Is Kryptor compatible with age and Minisign?

No, it uses newer cryptographic primitives and different file formats to address problems with both tools. However, Kryptor isn't perfect either.

Why should I use Kryptor over the alternatives?

Three words: security, privacy, and usability.

  1. Kryptor uses strong, fast, and modern cryptographic algorithms, offering post-quantum security. It also addresses security limitations of tools like age and Minisign.

  2. Unlike most tools, Kryptor limits metadata by using an indistinguishable from random encrypted file format. Encrypted files have no identifiable headers and are randomly padded. File names can also be encrypted.

  3. Encrypt/sign multiple files and directories at once. No need to specify an output file path. No config options. Short public keys. Fewer command-line options than Minisign whilst also supporting encryption.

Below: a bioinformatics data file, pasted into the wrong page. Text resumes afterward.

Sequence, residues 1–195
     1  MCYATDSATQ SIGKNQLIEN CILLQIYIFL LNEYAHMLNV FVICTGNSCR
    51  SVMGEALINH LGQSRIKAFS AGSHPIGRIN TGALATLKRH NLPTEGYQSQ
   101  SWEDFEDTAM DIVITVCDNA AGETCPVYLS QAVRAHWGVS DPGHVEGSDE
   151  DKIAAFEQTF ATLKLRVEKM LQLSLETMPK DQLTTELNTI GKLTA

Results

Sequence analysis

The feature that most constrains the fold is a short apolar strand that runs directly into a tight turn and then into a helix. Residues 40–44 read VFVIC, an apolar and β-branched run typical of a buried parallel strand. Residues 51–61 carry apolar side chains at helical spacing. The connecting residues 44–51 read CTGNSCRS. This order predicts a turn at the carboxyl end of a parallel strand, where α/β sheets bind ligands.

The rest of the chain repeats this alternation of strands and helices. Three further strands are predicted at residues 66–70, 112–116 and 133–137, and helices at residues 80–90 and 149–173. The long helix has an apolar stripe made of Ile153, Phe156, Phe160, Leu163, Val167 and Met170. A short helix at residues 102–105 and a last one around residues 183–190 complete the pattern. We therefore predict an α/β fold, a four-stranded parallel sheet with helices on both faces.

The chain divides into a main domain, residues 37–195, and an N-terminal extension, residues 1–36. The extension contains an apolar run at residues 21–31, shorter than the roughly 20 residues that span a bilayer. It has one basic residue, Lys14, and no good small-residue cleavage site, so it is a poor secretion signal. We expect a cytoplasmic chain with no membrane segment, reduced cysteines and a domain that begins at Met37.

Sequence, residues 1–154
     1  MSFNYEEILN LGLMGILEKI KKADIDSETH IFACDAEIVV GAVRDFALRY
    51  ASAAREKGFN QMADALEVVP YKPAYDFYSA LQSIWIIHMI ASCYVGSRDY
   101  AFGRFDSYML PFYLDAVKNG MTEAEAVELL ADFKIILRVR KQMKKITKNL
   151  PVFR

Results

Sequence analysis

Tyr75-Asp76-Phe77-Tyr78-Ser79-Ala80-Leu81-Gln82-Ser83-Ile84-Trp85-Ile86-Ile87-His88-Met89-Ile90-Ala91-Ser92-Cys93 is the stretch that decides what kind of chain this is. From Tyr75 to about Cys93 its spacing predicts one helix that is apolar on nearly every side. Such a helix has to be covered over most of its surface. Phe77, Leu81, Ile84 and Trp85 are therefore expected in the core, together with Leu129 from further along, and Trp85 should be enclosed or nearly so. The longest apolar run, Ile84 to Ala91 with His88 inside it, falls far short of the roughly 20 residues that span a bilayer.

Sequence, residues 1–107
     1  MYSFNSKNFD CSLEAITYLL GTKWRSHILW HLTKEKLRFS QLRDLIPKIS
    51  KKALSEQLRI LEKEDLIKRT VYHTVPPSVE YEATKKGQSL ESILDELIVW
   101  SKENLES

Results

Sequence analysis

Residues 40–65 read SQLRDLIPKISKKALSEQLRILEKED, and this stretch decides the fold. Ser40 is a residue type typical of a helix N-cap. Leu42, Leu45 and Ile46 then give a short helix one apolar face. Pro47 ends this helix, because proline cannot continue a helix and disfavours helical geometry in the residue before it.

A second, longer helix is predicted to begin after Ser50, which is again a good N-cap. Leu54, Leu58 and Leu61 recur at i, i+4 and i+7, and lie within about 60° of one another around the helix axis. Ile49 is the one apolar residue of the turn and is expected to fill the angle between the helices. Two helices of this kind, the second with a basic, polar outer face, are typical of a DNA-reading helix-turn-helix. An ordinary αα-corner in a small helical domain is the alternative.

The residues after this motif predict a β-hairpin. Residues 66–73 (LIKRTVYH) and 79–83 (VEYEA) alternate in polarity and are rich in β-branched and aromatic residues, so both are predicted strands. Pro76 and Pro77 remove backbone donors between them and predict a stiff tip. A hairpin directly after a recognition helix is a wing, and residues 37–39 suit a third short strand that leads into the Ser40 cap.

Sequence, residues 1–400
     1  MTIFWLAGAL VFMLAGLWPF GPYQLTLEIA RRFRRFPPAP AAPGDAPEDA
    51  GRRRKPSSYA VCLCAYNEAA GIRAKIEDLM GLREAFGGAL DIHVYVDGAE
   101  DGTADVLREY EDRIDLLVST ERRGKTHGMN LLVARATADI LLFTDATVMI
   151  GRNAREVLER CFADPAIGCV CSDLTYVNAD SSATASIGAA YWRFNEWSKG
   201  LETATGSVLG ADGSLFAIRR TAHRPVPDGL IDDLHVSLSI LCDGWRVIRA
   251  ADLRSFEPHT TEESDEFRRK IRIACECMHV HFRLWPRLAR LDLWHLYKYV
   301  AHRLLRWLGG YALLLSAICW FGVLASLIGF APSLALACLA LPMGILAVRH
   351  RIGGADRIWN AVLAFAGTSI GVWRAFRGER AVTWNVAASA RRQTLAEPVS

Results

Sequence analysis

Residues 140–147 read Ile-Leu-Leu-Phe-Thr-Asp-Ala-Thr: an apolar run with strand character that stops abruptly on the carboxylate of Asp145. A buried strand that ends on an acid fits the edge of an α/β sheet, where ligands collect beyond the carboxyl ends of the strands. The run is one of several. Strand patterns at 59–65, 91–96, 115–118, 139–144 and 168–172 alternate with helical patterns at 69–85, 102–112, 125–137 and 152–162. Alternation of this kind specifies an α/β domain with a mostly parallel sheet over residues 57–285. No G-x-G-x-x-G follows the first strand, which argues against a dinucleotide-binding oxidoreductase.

When should I not use Kryptor?
  • If you want to frequently access lots of your encrypted files (e.g. multiple large directories), you should use Cryptomator or VeraCrypt.​​

  • If you want to encrypt a disk, you should use VeraCrypt on Windows, LUKS on Linux, and FileVault on macOS.

  • If you want to use SSH keys, you should use age. However, SSH keys aren't recommended by the author.

  • If you want something based on an industry standard, you're stuck with GPG.

Has Kryptor been audited?

No, audits are extremely expensive (e.g. $5,000+). A very generous donation would be required to cover the cost.